Since the launch in 2015, Help Us Green has witnessed impressive growth. With a focus on exports, the company’s first year saw revenues of Rs.63 lakh, of which 98% was from exports. Earnings for the second year, FY2017, has already crossed Rs.2 crore, with domestic sales expanding to 10%. Help Us Green currently exports to Germany and Switzerland, and plans to expand to more countries once the production increases.
Last year, Uttar Pradesh Chief Minister Akhilesh Yadav, impressed by their initiatives, met and promised the duo two-acre of land to set up the unit in Varanasi. An increase in production, they say, is expected once the new unit in Varanasi is up and running in April 2017.
Agarwal and Rastogi had also undertaken a pilot project in 2016 in Vijaywada, Andhra Pradesh, during Pushkaralu, a 12-day religious festival on the banks of Krishna river. While the project was a success, Help Us Green has decided to focus on UP for now, as the company currently does not have the bandwidth for the same. “Maybe next year,” adds Agarwal. As of now, the focus will remain on exports from UP.
“The decision to focus on exports came up during our research process,” shares Agarwal. The demand and acceptance for eco-friendly products were higher in the developed markets. That is not to say there are no competitors in these markets. Agarwal feels that the competition has been mainly from Germany, as it has been one of the pioneers of organic and eco-friendly products. But if one is to just look at ‘flower recycling’, he believes that their products are unique.
Unlike most companies that are new to the business, getting a foothold in the export market has been relatively smooth for Help Us Green. With the United States Department of Agriculture (USDA) and Ecocert certifications in place (and a Fairtrade certification on the way), they claim to have not faced any issues with regulatory guidelines. For Agarwal, who is a board member of Oikos, a St. Gallen, Switzerland-based international sustainability and education organization, international contacts came in handy during exports. Kanpur is home to an inland container depot (ICD) and guidance from a local Kanpur-based company in getting an export license made the initial process really smooth. “Exporting is easy and offers more profits,” says Agarwal.
Is a smaller market for organic products in India, especially fertilizers and incense, a reason to concentrate more on profitable exports? “No”, says Agarwal. The demand, according to him, is instead growing in India. “In India, there is a market for everything. If you go to Flipkart, there is a niche market for incense sticks too, and you will find at least 10 sellers,” he shares positively
Workers segregating flower waste collected from temples, mosques and river banks at Help Us Green’s Unit in Kanpur. The company’s current set-up in Kanpur employs 128 workers apart from supporting several groups of garbage collectors in and around the city.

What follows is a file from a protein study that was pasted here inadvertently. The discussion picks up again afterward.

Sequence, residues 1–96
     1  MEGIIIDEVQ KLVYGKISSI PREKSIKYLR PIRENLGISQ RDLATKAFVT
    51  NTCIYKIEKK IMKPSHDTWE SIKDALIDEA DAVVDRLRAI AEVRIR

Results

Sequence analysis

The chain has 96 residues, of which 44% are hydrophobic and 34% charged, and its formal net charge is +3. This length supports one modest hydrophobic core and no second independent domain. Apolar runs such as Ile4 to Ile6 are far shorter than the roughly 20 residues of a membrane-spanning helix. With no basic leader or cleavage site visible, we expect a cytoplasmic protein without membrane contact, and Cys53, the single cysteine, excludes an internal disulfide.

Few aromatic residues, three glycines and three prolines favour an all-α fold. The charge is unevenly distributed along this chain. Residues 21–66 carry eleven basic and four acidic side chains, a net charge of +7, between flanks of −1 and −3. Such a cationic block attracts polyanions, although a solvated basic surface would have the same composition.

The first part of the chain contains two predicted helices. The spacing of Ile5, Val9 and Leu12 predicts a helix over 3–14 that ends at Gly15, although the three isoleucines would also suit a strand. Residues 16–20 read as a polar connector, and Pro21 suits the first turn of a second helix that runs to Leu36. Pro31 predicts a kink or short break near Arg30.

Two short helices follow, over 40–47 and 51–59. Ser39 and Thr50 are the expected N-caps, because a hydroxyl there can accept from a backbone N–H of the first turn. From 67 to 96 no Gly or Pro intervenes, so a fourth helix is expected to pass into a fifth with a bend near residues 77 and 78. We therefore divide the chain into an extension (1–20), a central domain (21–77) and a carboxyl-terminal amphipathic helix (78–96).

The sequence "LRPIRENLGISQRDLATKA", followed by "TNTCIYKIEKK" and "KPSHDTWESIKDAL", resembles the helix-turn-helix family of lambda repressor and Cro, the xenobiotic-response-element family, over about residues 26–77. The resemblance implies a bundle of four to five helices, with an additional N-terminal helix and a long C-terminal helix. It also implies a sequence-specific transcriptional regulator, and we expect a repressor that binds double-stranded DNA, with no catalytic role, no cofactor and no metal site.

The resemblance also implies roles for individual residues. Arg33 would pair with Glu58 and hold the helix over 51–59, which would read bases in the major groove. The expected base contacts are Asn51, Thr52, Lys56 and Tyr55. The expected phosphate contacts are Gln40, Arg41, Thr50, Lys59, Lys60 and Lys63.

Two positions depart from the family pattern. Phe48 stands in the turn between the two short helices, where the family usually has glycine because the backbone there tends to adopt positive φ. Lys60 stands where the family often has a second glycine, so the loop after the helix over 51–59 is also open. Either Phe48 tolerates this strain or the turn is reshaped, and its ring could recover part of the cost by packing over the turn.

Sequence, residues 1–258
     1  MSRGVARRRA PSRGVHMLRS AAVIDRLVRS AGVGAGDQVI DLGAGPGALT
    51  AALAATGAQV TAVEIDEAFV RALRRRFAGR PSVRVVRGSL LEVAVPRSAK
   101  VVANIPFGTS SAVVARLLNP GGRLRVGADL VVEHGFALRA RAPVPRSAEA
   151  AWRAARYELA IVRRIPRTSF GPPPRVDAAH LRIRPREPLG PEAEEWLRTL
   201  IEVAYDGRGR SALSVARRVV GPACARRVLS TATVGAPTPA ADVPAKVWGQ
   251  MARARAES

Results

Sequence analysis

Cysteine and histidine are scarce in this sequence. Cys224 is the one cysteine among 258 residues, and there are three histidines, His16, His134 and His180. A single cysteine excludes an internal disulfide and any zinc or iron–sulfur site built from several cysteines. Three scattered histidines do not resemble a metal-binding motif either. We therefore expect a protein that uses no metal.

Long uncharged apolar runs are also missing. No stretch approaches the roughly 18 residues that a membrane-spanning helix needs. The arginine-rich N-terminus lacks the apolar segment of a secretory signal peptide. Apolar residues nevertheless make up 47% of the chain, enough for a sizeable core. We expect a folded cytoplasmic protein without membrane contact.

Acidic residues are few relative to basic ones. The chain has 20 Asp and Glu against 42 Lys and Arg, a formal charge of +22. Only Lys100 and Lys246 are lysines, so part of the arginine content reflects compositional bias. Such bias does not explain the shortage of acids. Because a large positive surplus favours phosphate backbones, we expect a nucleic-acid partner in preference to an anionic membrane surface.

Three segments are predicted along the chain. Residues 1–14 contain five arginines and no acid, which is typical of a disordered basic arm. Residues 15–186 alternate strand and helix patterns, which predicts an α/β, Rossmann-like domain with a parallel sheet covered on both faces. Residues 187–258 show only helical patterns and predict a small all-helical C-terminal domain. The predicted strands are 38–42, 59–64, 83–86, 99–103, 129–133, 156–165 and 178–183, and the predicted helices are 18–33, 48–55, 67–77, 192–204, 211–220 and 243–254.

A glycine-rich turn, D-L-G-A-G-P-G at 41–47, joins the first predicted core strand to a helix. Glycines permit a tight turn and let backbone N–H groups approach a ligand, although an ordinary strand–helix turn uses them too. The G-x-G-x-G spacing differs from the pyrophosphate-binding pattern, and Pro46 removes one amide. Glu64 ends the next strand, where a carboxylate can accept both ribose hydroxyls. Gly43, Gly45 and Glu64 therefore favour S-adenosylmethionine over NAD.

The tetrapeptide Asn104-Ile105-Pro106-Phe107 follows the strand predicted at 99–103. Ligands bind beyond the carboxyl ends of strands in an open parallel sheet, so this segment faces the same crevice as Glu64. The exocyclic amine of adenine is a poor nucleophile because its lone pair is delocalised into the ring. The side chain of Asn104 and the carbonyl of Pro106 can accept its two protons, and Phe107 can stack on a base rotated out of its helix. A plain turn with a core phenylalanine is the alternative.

Agarwal, however, mentions that for a small start-up like Help Us Green, concentrating on exports has had more advantages as you need to deal with a fixed number of buyers and don’t have to keep track of multiple issues and requirements at one time. Help Us Green, currently works with only three main international importers.
Of course, being export-oriented does not mean that they are not interested in the domestic market. While they do not have a particular marketing or selling strategy for the domestic market, the products are available for buyers on sites like Flipkart, Snapdeal and Amazon. One can also find their products across the country – from upcycling and eco-friendly store Goli Soda in Chennai to Handmade Hope in Vadodara and e-commerce NGO and social enterprise, Hope Collective in New Delhi.
In The Limelight
In the process of making a mark in global markets, this innovative social enterprise has also received a number of accolades. For a young start-up, they have an impressive line-up of awards to their credit, from the ISB Diya Challenge 2015 to the IIT Indore Kalpavriksha Challenge and the IIT-Kanpur Social Challenge 2015. However, Agarwal says that participation and winning haven’t been about publicity for the brand. He feels that entering these competitions helps a young start-up like theirs improve upon their products and processes as these competitions are judged by experienced people from the industry. The feedback they receive, Agarwal says, has played a very important role in shaping the company. “We have never tried to sell our products to people by saying that buy this product because it comes from the Ganges or we have won many awards and competitions. We want them to buy it because it’s a good product,” adds Agarwal.
Time To Blossom
With the growth in demand, Help us Green is working on its capacity expansion plans. According to Agarwal, during Diwali 2016, they had received huge orders from companies like Landmark Group and TCS. While the orders were for as many as two lakh boxes, Agarwal says, with their current bandwidth, it would take them nearly a year to manufacture the same. Currently, they ‘flower cycle’ around 1.5-tonne flower waste every day, which they hope can be increased to at least 15 tonnes a day once the Varanasi unit starts its operations. A ten-fold increase should be enough to take care of the current demand.
The company is also planning to expand to various cities on the banks of the river Ganges, Haridwar for instance, in the coming days. Other producers are also jumping into the fray. But Agarwal is not worried. “We get 10 to 15 calls every day from people who are trying to replicate the model,” he says proudly. Agarwal believes that the company has been a game-changer when it comes to managing the problem arising out of flower waste in the country. “It’s a win-win situation,” he believes if more entrepreneurs come ahead to seize the opportunity. And indeed, over the last few years, start-ups like Mumbai-based Green Wave and Lucknow-based Mission Sakshama have entered the domestic recycled flower incense market, while Help Us Green has been making its presence felt in the international domain.
“Exports to EU accounts for 90% of Help us Green’s annual revenue”